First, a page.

NXP-Qualcomm $44B deal to clear China as Trump authorizes $50B tariffs

The U.S.-China trade battle enters an important new phase. The South China Morning Post is reporting that China’s Ministry of Commerce will clear Qualcomm’s pending $44 billion acquisition of NXP Semiconductors. One independent source also conveyed the same news to TechCrunch, although there has been no official word from Qualcomm, NXP or China at time of publication. That acquisition was expected to close months ago, but the Chinese government repeatedly delayed its assent to the deal as part of its ongoing fight with the Trump administration over the future of bilateral trade. China’s ministry remained the last competition authority worldwide pending to approve the deal, and presumably it will close rapidly now that antitrust review has been completed. The news of the approval broke just as The Wall Street Journal reported that the White House has authorized $50 billion in tariffs on Chinese goods. The final list of
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3,000 journalists covering Kim-Trump this week is WTF is wrong with media

Media businesses are in the dumper. Every week, we hear of new layoffs, budget cuts, diminished editorial quality, and more, way more. And yet, somehow, miraculously, more than 3,000 journalists managed to find the funds to travel to Singapore to cover the Kim-Trump Summit Extraordinaire this week. How many journalists got to see the summit activity? From Politico: “Most notably, the number of American journalists allowed to witness the meeting between Trump and Kim was limited to seven — a smaller group than would usually be present for such a summit, and one that excluded representatives from the major wire services” (emphasis added). It’s a huge news story, a major historical moment in the relations between the DPRK and the United States, and one that portends massive changes in that relationship going forward. The event should be fervently covered by the global press. Yet, 3,000 seems a stupendous number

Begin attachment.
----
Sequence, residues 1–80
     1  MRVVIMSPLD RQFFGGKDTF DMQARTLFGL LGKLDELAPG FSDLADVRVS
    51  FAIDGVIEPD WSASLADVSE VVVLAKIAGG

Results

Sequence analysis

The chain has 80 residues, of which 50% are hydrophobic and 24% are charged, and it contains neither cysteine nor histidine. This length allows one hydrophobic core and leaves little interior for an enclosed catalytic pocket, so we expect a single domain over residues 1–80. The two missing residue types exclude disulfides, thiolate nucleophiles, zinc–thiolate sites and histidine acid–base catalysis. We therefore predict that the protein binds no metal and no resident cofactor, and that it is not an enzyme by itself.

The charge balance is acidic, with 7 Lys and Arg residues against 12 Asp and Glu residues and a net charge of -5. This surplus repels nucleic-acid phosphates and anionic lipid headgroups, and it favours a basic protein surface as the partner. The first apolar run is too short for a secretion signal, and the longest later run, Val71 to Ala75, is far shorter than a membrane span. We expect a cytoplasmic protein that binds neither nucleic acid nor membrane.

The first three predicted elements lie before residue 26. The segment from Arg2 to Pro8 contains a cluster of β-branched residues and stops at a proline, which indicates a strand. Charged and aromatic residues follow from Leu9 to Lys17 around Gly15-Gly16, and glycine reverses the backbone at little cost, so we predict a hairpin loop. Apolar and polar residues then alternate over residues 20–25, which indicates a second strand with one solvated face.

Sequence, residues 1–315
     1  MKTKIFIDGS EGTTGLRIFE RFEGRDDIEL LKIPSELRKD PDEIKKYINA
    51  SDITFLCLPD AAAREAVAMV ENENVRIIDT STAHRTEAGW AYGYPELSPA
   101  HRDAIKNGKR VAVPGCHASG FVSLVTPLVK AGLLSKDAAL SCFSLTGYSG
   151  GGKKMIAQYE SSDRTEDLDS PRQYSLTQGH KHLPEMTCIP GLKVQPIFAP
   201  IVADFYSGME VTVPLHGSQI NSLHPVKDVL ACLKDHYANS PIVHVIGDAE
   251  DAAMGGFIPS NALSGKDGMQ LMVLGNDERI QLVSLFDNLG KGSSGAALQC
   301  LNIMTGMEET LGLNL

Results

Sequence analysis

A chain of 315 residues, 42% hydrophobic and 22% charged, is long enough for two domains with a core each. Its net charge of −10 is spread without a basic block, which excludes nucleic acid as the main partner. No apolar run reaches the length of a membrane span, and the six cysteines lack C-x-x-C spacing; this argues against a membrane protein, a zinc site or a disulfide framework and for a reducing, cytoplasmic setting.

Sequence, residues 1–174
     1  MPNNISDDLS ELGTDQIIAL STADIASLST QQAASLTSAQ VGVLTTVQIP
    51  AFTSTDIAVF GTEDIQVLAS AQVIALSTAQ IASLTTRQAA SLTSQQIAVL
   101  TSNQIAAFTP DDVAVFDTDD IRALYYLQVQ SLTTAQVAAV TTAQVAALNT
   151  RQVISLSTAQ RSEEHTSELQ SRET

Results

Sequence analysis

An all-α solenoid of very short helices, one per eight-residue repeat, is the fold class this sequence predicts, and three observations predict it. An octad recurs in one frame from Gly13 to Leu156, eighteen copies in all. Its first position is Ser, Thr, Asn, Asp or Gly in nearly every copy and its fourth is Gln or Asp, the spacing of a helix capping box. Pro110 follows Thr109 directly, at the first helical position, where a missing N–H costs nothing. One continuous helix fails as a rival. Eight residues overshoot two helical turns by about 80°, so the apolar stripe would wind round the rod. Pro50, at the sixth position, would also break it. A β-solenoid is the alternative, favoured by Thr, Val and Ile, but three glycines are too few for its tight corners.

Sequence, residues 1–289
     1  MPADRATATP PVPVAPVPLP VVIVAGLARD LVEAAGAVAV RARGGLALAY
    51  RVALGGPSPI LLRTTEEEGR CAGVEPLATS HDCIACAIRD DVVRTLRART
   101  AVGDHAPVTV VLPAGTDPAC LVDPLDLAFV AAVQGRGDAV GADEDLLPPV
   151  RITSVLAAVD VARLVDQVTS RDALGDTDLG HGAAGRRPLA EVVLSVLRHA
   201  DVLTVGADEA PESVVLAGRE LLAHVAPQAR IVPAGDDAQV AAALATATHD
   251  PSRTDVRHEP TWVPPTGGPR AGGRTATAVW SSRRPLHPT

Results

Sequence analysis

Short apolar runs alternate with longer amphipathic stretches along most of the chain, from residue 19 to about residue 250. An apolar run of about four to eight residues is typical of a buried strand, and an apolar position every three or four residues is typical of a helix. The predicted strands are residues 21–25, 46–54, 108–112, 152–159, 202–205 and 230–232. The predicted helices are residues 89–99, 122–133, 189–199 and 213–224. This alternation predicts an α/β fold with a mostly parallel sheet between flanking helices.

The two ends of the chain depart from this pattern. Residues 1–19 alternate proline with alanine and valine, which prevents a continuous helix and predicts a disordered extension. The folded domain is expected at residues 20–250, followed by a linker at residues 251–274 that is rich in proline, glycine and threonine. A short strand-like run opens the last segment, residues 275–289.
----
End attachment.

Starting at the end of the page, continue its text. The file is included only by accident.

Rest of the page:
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ZTE has few cards left to play to avoid ‘death penalty’

It’s not every day you see a company that employs 75,000 and once had a market cap of $20 billion facing instant doom on an hour-by-hour basis. But that’s the situation that Chinese telecom firm ZTE finds itself in right now. Following revelations that the company sold equipment with U.S. technology to Iran and North Korea in violation of U.S. sanctions, President Trump decided to kill the company. Then he decided not to kill it. Now, this week, Congress is deciding whether to kill it or not, much to the chagrin of the White House, who thought the matter closed. Senators like Tom Cotton (R-AK) this week have said they believe that the “Death penalty is right penalty for ZTE’s behavior.” Before we go further, let’s step back for a moment and just muse about what is happening here. Congress and the White House are
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Netflix and Alphabet will need to become ISPs, fast